A previous study showed that hemorrhage in rats reduced shear rate resulting in increased leukocyte-endothelial cell adhesion [21]. However, whether this is a physical phenomenon or a molecular one is not clearly delineated. We did not have hemodynamic data available at the time of image acquisition so we were unable to consider the influence of these measures on rolling and adhesion. We also did not stratify by vessel diameter, observing leukocytes primarily confined to post-capillary venules with a diameter greater than 20 μm; it is possible that discriminating by size or type of vessel may yield different numbers. Although less time consuming compared to the traditional manual analysis of microcirculatory flow parameters, leukocyte quantification is still quite time consuming - especially when counting in the whole field of view.

Conclusions

We demonstrated the physiologic expression of endothelial cell activation manifested by a significantly higher number of rolling and adhered leukocytes in patients with septic shock as compared to non-infected control patients. In the sepsis group there were more rolling and adhered leukocytes as compared to non-infected control patients. In the sepsis group, there were more adhered leukocytes in non-survivors compared to survivors. The sublingual mucosa may be a window to an important physiologic manifestation of leukocyte and endothelial cell activation in sepsis.

Abbreviations

ED: 

Emergency department

FDA: 

Food and Drug Administration

FOV: 

Field of view

ICU: 

Intensive care unit

LED: 

Light-emitting diode

OPS: 

Orthogonal polarization spectral

PBR: 

Perfused boundary region

ProCESS: 

Protocolized Care for Early Septic Shock

SD: 

Standard deviation

SDF: 

Sidestream dark field

SIRS: 

Systemic inflammatory response syndrome

WBC: 

White blood cell count

Declarations

Acknowledgements

We thank the clinical staff and research staff from the participating hospitals who made this work possible.

Funding

Supported by a grant NIH/NHLBI (R01 HL091757) and NIH/NIGMS (P50 GM076659) from the National Institutes of Health. BF was supported by a research grant from TrygFonden.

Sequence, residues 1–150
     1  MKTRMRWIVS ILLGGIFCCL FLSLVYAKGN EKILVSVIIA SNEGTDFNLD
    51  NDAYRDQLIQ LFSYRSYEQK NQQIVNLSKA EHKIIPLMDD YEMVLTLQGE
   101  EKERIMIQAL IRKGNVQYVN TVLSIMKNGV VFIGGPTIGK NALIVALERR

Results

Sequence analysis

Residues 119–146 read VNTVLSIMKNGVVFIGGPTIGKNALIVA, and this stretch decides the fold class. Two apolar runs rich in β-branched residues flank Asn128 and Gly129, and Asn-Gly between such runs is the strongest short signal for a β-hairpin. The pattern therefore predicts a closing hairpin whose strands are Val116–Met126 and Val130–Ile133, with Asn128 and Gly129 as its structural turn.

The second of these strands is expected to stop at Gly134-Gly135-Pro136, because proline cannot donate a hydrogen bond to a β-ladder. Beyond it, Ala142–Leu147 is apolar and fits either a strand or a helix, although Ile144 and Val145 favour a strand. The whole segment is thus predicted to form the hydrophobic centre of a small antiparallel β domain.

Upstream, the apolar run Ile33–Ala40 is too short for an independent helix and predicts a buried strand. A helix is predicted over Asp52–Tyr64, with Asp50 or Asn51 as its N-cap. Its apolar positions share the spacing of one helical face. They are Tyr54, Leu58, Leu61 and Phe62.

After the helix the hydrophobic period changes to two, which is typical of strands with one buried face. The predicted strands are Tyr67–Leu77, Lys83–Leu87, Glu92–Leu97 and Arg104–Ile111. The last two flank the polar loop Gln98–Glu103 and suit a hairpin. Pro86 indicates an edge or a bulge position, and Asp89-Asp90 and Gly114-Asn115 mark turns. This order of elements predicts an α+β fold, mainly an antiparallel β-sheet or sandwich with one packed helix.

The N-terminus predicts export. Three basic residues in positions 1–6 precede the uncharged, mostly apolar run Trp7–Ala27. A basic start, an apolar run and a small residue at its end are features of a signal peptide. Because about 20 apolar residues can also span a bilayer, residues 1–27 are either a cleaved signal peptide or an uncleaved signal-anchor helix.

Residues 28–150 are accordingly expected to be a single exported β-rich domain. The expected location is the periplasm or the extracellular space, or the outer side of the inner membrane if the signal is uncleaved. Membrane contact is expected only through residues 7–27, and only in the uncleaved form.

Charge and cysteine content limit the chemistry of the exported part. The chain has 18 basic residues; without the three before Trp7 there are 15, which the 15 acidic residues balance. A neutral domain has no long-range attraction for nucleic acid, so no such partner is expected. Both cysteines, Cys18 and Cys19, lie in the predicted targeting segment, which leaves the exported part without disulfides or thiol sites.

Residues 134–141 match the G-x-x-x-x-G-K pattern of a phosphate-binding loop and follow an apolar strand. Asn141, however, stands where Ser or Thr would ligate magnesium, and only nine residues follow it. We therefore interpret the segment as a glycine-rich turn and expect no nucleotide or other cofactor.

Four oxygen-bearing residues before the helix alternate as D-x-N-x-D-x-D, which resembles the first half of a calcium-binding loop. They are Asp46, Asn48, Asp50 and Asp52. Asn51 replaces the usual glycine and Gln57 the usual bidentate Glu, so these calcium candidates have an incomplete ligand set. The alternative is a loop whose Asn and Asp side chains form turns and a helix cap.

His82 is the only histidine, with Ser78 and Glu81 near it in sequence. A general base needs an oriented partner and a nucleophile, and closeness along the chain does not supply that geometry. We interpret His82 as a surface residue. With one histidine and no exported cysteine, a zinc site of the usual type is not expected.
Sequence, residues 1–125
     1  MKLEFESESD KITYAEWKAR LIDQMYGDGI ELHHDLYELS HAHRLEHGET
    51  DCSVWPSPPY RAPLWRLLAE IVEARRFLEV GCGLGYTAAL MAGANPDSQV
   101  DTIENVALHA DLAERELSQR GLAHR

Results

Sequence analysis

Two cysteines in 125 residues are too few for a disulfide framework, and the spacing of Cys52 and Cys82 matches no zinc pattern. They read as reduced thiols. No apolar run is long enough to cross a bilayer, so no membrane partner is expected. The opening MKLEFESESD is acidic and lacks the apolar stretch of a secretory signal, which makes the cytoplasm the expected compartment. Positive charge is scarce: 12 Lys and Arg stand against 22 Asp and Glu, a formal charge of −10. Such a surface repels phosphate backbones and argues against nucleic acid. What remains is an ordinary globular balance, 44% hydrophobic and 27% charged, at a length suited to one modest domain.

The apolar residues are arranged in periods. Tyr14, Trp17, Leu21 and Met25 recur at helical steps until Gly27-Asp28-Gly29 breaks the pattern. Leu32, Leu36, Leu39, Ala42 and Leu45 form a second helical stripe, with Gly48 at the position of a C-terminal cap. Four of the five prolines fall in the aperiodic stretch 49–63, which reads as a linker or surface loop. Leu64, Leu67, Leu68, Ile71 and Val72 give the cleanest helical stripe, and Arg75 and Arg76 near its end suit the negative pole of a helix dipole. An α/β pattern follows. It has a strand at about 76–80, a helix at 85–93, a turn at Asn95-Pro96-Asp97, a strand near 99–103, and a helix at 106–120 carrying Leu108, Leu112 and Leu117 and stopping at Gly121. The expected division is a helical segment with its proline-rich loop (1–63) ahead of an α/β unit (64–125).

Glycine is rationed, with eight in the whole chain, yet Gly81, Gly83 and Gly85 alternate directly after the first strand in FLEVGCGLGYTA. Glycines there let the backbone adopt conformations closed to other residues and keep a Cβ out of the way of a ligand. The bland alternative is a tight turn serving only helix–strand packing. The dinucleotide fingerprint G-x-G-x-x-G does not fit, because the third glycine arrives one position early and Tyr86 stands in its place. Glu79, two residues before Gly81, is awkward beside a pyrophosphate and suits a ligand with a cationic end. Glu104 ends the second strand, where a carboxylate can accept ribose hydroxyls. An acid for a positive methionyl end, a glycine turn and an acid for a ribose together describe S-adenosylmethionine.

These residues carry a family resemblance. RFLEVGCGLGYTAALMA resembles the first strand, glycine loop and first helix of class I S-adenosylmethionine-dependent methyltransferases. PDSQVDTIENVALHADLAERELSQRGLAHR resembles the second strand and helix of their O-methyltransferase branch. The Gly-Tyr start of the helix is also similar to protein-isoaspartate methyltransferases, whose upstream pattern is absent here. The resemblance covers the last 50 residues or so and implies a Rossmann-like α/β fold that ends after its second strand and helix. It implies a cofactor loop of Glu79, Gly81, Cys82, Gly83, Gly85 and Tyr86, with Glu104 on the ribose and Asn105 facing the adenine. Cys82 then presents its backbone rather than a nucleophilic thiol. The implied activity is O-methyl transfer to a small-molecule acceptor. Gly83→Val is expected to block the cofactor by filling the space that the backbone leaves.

Availability of data and materials

The datasets used and/or analyzed during the current study are available from the corresponding author on reasonable request.

Authors’ contributions

All authors contributed to study design. MF, PH, HW, DY, WA, JK, DA, and NS were responsible for patient enrollment and image acquisition. BF and MM reviewed and analyzed images. BF, MM, and NS performed statistical analysis and wrote first draft of the manuscript. BF and MM contributed equally to the manuscript. All authors made revisions to the manuscript and read and approved the final manuscript.

Ethics approval and consent to participate

The Beth Israel Deaconess Medical Center Committee for Clinical Investigations and each site’s review board approved the design. Each subject or legal representative gave written informed consent.

Consent for publication

Not applicable.

Competing interests

NIS received funding from the National Institutes of Health; research funding from Cheetah Medical, Thermo-Fisher, Siemens, and Rapid Pathogen Screening. He was on an advisory board/consultant for Baxter and Cyon. The MicroScan equipment was provided by MicroVision Medical BV.

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Authors’ Affiliations

(1)
Department of Emergency Medicine, Beth Israel Deaconess Medical Center, Harvard Medical School, 1 Deaconess Road, CC2-W, Boston, MA 02215, USA
(2)
Research Center for Emergency Medicine, Aarhus University Hospital, Aarhus, Denmark
(3)
Department of Emergency Medicine, Massachusetts General Hospital, Harvard Medical School, Boston, MA, USA
(4)
Department of Emergency Medicine, Brigham and Women’s Hospital, Harvard Medical School, Boston, MA, USA
(5)
Department of Emergency Medicine, University of Alabama at Birmingham, Birmingham, AL, USA
(6)
Department of Emergency Medicine, University of Pittsburgh, Pittsburgh, PA, USA
(7)
Center for Vascular Biology and Department of Medicine, Beth Israel Deaconess Medical Center, Harvard Medical School, Boston, MA, USA
(8)
Department of Critical Care Medicine, University of Pittsburgh, Pittsburgh, PA, USA

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Copyright

© The Author(s). 2018